Construction of the ‘Reikou’ linkage map

The PHR-SNPs that showed a segregation ratio of AA:AB:BB = 1:2:1 (X 2 ≥ 50 and missing data ≤ 20) were used for the initial grouping process and classified into seven groups according to the corresponding F. vesca ‘Hawaii 4’ v1.1 reference genome [21, 22]. The PHR-SNPs in each group were subsequently classified into multiple LGs using the color map method [23], which employed a comparison of graphical genotypes of the segregation data. During the process of color mapping, reciprocal genotypes were converted to coupling genotypes. The robustness of the data sets for each LG was then confirmed using the Grouping Module of the MultiPoint 3.3 (MultiQTL Ltd, Haifa, Israel) with a logarithm of odds (LOD) threshold of 2.0. Then, SNPs in each linkage group were ordered with the following parameters: a population type of F2, minimum LOD scores of 10.0, and maximum threshold of 0.25. After the first ordering, solitary missing data were imputed according to the genotypes of flanking SNPs. The residual PHR-SNPs, NMH-SNPs and polymorphic SSR loci were then added into each LG by the color mapping method. The robustness of each re-formed LG was confirmed again using the Grouping Module of the JoinMap program, version 4.0, with an LOD threshold of 2.0 (Kyazma, Wageningen, The Netherlands). The ordering was then performed with the following parameters: Haldane’s mapping function, LOD > 1.0, recombination frequency < 0.4, goodness of fit jump threshold for removal of loci = 5.0, number of added loci after which a ripple is performed = 1, and third round = yes. After the second ordering, loci showing dominant inheritance were added to the same genetic positions of mapped loci that showed the nearest orthologous positions on F. vesca (v2.0.a1) pseudomolecules.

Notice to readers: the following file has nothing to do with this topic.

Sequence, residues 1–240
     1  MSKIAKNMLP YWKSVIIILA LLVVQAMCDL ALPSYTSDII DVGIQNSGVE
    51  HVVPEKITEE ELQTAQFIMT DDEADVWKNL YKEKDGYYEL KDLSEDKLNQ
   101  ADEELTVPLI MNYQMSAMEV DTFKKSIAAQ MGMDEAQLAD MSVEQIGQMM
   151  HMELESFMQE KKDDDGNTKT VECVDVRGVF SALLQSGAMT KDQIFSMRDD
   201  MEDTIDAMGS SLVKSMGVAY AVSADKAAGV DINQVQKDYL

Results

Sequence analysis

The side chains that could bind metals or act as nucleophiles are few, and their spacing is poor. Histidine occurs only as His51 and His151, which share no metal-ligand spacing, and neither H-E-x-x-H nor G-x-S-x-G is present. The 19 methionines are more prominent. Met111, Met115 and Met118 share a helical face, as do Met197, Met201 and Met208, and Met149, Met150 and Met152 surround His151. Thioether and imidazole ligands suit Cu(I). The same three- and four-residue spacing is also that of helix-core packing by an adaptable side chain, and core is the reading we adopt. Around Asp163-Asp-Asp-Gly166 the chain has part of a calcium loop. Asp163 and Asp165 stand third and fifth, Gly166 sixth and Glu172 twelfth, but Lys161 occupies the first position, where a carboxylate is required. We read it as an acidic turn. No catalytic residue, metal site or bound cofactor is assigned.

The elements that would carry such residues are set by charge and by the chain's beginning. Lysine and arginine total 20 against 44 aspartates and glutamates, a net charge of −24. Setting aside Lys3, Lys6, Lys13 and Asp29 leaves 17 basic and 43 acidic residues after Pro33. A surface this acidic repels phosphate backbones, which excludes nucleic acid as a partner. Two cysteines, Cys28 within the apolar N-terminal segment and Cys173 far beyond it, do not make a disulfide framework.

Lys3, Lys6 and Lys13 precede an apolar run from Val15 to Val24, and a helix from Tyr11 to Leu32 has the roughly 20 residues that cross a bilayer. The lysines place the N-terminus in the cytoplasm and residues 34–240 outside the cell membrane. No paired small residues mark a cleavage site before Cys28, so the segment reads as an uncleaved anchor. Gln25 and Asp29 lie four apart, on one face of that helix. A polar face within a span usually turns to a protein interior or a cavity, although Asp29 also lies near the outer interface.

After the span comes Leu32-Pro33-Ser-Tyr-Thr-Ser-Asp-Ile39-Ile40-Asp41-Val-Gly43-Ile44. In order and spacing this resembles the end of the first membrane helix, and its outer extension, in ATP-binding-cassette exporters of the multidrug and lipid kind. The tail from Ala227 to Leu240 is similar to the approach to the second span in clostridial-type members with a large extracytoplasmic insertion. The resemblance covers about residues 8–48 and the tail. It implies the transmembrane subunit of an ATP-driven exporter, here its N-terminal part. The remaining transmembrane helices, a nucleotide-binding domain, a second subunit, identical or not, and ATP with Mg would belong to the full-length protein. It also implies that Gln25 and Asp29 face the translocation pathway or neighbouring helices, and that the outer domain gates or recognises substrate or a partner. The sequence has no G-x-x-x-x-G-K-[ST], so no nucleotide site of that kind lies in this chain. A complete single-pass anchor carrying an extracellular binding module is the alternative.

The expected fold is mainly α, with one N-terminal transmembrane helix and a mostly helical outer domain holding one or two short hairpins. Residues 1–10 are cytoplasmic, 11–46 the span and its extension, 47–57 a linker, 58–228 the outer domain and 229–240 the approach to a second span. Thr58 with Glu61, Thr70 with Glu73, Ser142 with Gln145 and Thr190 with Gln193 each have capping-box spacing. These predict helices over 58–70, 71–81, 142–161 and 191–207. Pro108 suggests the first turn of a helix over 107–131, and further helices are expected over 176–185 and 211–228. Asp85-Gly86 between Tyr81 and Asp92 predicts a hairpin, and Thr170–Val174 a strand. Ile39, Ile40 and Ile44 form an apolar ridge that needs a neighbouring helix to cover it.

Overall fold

Comparison of the ‘Reikou’ linkage map with the F. vesca genome, an F. iinumae linkage map, and F. × ananassa SNP linkage maps